Bitcoin’s (BTC) rising popularity not a threat to gold’s status as currency of last resort, says Goldman Sachs
Goldman Sachs believes that both Bitcoin and gold can co-exist.
Mon, 21 Dec 2020, 14:21 pm UTC
Institutional investor demand for Bitcoin (BTC) has recently driven the crypto’s price upward until it broke past $20,000 and set a new all-time high above $24,000. There are even speculations that the cryptocurrency might be slowly replacing gold as the go-to asset against inflation.
However, Goldman Sachs’ head of commodities research Jeff Currie believes that both gold and Bitcoin can co-exist, Bitcoin.com reported. He called BTC “the retail inflation hedge” and likened it to copper but also added that the crypto’s “rising popularity as an existential threat to gold’s status as the currency of last resort.”
“Gold’s recent underperformance versus real rates and the dollar has left some investors concerned that bitcoin is replacing gold as the inflation hedge of choice,” Goldman Sachs strategists wrote in a note on Thursday. The precious metal’s recent price decline is attributed to the investment strategy adopted by investors in the face of coronavirus-related inflation including the purchase of “riskier assets” such as cryptocurrency.
However, Goldman Sachs’ team is not fully convinced that Bitcoin will be replacing gold anytime soon. “We do not see bitcoin’s rising popularity as an existential threat to gold’s status as the currency of last resort,” the strategists wrote. “We do not see evidence that bitcoin’s rally is cannibalizing gold’s bull market and believe the two can coexist.”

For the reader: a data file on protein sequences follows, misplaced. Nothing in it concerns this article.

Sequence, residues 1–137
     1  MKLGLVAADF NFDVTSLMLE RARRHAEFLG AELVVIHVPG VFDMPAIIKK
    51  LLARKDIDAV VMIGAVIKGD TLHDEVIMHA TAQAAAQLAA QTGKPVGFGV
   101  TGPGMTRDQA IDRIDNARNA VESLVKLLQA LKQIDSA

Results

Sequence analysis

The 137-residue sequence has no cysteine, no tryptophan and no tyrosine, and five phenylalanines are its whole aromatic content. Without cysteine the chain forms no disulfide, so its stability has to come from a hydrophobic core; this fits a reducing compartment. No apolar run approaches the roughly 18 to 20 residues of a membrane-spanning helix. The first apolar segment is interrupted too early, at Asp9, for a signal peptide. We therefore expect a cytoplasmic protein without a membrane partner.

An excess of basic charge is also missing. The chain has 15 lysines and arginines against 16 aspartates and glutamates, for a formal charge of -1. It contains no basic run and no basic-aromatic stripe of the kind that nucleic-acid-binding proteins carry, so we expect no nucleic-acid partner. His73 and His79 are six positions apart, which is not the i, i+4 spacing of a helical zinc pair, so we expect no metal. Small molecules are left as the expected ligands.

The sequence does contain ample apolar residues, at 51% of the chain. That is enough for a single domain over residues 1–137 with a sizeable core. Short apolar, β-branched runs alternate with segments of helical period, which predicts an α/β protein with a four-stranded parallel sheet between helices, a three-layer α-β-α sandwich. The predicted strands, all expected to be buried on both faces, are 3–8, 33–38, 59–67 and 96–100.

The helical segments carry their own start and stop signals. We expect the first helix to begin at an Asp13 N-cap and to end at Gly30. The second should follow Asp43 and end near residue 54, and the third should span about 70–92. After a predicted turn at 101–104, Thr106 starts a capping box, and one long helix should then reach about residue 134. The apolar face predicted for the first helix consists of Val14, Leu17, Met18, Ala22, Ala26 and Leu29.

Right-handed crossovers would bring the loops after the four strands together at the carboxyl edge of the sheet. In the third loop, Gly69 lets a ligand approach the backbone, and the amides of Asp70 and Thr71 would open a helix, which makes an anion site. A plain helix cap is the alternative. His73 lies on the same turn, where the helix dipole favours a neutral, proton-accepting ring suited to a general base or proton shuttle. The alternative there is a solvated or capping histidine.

Some analysts disagree with Goldman Sachs’ assessment. For instance, Germany-based Deutsche Bank noted that investors now increasingly prefer BTC over gold as a hedge against inflation.
“There seems to be an increasing demand to use bitcoin where gold used to be used to hedge dollar risk, inflation, and other things,” Deutsche Bank managing director and head of global fundament credit strategy Jim Reid, said.
Similarly, JPMorgan wrote in a note that Bitcoin adoption is “spreading from family offices and wealthy investors to insurance firms and pension funds.” The bank added that if pension funds and insurance firms in the U.S., the U.K, Japan, and Europe allocate just 1 percent of their portfolios to BTC, it could generate a $600 demand for the crypto in the future.
“MassMutual's bitcoin purchases represent another milestone in the bitcoin adoption by institutional investors,” JPMorgan analysts said. “One can see the potential demand that could arise over the coming years as other insurance companies and pension funds follow Massmutual’s example.”
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